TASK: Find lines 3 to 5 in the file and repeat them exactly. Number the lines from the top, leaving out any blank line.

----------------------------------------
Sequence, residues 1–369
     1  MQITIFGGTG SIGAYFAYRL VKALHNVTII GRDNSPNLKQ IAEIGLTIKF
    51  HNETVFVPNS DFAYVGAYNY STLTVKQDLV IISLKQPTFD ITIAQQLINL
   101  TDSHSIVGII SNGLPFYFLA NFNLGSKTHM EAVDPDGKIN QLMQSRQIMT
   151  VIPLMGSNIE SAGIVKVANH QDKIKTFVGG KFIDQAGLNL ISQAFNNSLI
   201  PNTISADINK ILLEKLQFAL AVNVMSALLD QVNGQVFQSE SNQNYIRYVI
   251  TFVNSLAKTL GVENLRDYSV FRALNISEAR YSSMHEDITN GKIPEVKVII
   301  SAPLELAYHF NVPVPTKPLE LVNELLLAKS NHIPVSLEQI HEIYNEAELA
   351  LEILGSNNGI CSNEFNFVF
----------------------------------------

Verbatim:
    51  HNETVFVPNS DFAYVGAYNY STLTVKQDLV IISLKQPTFD ITIAQQLINL
   101  TDSHSIVGII SNGLPFYFLA NFNLGSKTHM EAVDPDGKIN QLMQSRQIMT
   151  VIPLMGSNIE SAGIVKVANH QDKIKTFVGG KFIDQAGLNL ISQAFNNSLI